A pelvic kidney is a kidney that is seen fixed in the bony pelvis or across the spine. These patients are asymptomatic. Renal tract pathology (e.g. infection, calculus) can affect pelvic kidneys and thus the referred pain is not typical for the renal tract and it may be confused for appendicitis or pelvic inflammatory disease. radiopaedia.org/...

    Puncture needle for nephrostomy insertion for an infected system secondary to proximal ureteric stone seen on the control image. Urolithiasis refers to the presence of calculi anywhere along the course of the urinary tracts. For the purpose of the article the terms urolithiasis, nephrolithiasis and renal or kidney stones are used interchangeably. Read more: radiopaedia.org/...

    A perinephric abscess may result due to rupture of a renal abscess into the perirenal space, but usually it develops directly from acute pyelonephritis. However, any inflammatory process outside the Gerota's fascia may also result in perinephric abscess. Such kind of abscesses have been seen quite frequently in diabetic patients with calculi and in patients with septic emboli. Read more: radiopaedia.org/...

    Labeled Soft Tissue Neck from KU Radiographic Anatomy

    Urolithiasis Ureteral Calculus: Obstructing Ureteral Calculus Non-enhanced axial CT scan images of the abdomen and pelvis demonstrate an enlarged right kidney with perinephric stranding (white arrow), a dilated intrarenal collecting system (blue arrow) and a calcific density at the ureterovesical junction (red arrow) with dilatation of the ureter.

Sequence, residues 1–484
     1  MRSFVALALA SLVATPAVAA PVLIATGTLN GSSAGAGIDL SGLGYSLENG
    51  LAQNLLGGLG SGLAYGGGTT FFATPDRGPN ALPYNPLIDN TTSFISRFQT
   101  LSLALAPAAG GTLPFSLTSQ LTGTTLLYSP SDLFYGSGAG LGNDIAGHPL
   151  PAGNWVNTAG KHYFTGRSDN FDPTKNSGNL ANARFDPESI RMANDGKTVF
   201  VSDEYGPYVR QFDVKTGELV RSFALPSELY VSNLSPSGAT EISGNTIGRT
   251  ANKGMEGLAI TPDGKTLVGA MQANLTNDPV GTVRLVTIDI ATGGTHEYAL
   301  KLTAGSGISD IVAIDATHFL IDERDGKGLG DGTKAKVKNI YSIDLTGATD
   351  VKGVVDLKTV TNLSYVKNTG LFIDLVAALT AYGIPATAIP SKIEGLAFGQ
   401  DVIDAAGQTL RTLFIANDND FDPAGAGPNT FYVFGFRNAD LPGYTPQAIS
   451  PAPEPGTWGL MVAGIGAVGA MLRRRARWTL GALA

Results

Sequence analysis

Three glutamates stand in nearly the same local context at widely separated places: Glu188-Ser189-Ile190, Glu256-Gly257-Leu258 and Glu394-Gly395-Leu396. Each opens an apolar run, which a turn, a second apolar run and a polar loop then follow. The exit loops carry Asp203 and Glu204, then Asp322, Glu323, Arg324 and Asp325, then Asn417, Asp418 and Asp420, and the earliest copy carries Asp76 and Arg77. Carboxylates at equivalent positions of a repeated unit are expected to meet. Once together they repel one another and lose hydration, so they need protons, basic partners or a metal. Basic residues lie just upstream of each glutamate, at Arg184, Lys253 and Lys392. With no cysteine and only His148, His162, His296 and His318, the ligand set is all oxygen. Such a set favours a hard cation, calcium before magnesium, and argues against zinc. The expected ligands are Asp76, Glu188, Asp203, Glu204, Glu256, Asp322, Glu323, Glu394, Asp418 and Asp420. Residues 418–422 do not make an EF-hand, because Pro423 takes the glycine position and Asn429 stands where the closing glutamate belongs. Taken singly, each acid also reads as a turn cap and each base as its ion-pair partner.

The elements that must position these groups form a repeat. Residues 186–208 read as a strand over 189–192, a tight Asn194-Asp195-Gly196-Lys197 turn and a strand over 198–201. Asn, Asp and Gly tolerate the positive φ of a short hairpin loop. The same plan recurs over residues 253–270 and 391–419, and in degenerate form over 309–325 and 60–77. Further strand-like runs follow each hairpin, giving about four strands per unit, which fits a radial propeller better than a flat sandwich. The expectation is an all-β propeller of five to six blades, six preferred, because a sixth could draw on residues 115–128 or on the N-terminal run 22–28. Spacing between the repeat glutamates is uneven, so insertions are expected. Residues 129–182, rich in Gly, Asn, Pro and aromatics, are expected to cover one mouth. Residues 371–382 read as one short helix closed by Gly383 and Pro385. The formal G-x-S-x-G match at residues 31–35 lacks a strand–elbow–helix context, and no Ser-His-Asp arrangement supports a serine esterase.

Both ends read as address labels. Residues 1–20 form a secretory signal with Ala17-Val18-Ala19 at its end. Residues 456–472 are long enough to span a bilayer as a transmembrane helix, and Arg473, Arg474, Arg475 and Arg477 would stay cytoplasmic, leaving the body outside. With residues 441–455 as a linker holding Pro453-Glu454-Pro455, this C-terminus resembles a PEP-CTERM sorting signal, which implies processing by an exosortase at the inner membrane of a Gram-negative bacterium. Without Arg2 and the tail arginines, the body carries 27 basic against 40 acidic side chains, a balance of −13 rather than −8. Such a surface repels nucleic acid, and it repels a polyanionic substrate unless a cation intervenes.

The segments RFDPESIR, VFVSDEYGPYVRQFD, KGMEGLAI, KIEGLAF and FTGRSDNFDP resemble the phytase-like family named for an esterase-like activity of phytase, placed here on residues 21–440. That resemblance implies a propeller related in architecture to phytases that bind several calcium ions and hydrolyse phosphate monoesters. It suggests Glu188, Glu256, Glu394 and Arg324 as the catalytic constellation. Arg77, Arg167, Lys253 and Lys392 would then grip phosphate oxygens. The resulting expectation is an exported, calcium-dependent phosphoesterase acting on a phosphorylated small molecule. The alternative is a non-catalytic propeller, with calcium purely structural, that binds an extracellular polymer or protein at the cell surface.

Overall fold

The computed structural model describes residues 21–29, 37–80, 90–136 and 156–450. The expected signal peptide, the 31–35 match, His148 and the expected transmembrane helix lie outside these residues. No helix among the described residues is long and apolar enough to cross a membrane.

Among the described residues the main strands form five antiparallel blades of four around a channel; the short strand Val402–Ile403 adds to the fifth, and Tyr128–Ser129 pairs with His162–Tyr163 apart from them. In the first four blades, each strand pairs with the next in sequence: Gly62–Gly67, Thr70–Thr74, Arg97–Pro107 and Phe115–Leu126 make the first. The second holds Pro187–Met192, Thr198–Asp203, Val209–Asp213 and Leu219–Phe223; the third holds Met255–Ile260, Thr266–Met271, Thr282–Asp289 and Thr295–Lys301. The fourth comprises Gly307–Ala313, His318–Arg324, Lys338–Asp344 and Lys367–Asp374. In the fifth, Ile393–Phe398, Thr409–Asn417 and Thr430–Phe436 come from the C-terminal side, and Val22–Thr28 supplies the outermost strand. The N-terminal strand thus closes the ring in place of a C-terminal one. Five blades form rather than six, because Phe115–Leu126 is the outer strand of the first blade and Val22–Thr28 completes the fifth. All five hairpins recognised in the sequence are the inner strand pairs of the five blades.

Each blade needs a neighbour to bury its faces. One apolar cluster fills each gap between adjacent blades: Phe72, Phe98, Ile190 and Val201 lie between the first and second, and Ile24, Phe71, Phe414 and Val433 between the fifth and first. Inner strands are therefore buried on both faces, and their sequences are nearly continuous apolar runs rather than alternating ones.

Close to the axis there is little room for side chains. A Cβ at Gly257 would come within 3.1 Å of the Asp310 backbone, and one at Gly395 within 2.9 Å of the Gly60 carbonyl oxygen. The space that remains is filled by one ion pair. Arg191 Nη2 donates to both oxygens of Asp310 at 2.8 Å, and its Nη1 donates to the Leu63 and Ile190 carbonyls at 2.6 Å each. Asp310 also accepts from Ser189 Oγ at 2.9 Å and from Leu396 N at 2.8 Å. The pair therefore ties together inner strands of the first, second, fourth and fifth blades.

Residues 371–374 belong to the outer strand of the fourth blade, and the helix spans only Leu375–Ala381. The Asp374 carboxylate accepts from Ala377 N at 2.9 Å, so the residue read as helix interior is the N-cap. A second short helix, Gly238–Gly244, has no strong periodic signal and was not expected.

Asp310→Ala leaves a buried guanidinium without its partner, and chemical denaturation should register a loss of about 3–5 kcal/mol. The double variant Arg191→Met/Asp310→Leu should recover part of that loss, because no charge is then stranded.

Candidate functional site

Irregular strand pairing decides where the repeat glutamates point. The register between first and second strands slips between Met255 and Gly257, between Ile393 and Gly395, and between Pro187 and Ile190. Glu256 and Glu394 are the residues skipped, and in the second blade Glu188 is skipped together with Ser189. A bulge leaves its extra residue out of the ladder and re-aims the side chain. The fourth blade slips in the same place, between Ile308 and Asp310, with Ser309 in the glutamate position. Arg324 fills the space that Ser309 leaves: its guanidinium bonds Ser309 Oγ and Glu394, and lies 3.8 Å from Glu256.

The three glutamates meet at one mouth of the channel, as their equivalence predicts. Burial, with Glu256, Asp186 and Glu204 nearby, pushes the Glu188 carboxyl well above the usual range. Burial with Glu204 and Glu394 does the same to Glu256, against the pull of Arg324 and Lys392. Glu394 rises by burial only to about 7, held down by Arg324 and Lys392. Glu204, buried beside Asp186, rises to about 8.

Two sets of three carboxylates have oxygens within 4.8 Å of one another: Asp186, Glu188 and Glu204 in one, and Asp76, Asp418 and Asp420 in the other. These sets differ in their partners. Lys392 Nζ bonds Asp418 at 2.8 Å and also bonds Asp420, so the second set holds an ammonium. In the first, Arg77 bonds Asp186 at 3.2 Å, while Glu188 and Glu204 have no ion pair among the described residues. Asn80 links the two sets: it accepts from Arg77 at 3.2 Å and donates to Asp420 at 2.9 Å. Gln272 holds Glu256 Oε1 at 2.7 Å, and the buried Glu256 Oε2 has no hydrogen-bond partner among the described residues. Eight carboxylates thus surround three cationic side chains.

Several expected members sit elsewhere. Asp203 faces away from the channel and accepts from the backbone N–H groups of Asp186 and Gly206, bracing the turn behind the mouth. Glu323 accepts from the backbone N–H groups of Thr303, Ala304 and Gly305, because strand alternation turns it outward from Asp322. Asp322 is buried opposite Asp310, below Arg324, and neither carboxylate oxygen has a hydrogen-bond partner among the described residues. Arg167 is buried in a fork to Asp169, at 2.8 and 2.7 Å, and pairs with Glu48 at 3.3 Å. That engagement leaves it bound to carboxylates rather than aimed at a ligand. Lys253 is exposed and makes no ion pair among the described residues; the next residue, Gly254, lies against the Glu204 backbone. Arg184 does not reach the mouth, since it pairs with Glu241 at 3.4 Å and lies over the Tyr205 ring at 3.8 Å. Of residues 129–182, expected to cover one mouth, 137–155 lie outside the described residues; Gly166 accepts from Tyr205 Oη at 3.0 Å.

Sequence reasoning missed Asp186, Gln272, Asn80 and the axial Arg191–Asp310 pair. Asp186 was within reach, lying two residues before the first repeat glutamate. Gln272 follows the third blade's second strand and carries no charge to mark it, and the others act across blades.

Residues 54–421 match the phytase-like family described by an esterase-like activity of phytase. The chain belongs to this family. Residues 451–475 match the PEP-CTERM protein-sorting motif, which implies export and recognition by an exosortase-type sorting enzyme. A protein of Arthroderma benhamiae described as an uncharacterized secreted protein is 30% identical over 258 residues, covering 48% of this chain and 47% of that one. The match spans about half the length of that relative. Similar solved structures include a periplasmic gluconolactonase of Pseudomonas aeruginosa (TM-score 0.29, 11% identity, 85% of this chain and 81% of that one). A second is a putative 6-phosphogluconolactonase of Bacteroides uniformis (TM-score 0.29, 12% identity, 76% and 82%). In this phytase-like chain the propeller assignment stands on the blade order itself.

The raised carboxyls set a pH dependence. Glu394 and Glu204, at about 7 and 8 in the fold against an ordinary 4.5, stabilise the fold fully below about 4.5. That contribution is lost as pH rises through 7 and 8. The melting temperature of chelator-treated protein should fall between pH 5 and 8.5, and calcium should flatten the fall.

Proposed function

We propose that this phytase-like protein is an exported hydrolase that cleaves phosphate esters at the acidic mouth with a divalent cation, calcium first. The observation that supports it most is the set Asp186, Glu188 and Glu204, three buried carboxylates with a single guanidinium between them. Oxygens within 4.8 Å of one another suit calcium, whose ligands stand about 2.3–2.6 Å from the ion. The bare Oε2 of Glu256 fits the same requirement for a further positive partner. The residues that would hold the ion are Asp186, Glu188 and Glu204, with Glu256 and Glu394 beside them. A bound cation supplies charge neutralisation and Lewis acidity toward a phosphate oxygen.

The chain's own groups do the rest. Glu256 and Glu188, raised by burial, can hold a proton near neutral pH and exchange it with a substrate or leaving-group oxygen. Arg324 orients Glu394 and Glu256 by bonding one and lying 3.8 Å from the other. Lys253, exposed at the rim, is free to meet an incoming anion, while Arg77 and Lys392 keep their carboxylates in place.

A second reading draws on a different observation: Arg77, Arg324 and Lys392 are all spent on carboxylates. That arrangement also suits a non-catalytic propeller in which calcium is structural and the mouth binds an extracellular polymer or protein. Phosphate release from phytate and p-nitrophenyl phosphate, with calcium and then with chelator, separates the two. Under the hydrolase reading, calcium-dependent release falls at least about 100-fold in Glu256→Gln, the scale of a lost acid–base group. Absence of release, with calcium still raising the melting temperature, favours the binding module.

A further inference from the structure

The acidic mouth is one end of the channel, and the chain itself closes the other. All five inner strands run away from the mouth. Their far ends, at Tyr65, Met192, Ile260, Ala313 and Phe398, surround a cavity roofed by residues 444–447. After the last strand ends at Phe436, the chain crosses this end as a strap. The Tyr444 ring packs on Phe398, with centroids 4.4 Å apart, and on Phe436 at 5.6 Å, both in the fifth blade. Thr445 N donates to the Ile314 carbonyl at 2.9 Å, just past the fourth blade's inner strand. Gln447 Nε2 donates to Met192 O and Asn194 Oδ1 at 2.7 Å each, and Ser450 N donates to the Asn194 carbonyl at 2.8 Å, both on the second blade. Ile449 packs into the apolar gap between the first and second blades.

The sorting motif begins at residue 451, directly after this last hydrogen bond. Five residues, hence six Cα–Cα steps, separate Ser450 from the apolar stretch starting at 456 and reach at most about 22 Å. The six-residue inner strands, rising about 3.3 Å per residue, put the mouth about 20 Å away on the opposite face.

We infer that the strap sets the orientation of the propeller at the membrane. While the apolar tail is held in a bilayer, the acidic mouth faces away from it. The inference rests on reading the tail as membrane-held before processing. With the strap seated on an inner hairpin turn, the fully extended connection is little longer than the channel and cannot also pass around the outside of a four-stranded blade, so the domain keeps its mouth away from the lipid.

Bilateral renal transplant calcification. radiopaedia.org/...

    Renal angiomyolipomas (AML) are type of benign renal neoplasm and are composed of vascular, smooth muscle and fat elements. They can result in spontaneous haemorrhage and usually have characteristic imaging appearances. radiopaedia.org/...

    A duplicated testicular vein is about 6x more common on the left than on the right | Radiology Case contributed by Dr Donna D'Souza | Radiopaedia.org

    Renal cell carcinomas (RCC) are malignant tumours derived from the renal epithelium. It is the most common malignant renal tumour, with a variety of radiographic appearances. Recently, especially in the elderly, there is increasing scope for percutaneous intervention. Imaging is essential in accurately staging renal cell carcinomas (see RCC staging (TNM) and Robson staging) and in operative planning. Read more: radiopaedia.org/...

    Renal cell carcinomas (RCC) are malignant tumours derived from the renal epithelium. It is the most common malignant renal tumour, with a variety of radiographic appearances. CT is frequently used to both diagnose and stage renal cell carcinomas.The nephrogenic phase is the most sensitive phase for detection of abnormal contrast enhancement. Read more: radiopaedia.org/...

    Renal oncocytomas are a type of relatively benign renal tumour. The main clinical importance of this lesion is the difficulty in pre-operatively distinguishing it from renal cell carcinomas, as epidemiology, presentation, imaging and even histology can be very similar. Unfortunately the imaging appearance of oncocytomas is difficult to distinguish from renal cell carcinoma, and as such they are usually resected. Read more: radiopaedia.org/...

    There are stones and then there are stones! This is a gigantic ureteric stone. See the complete case: radiopaedia.org/...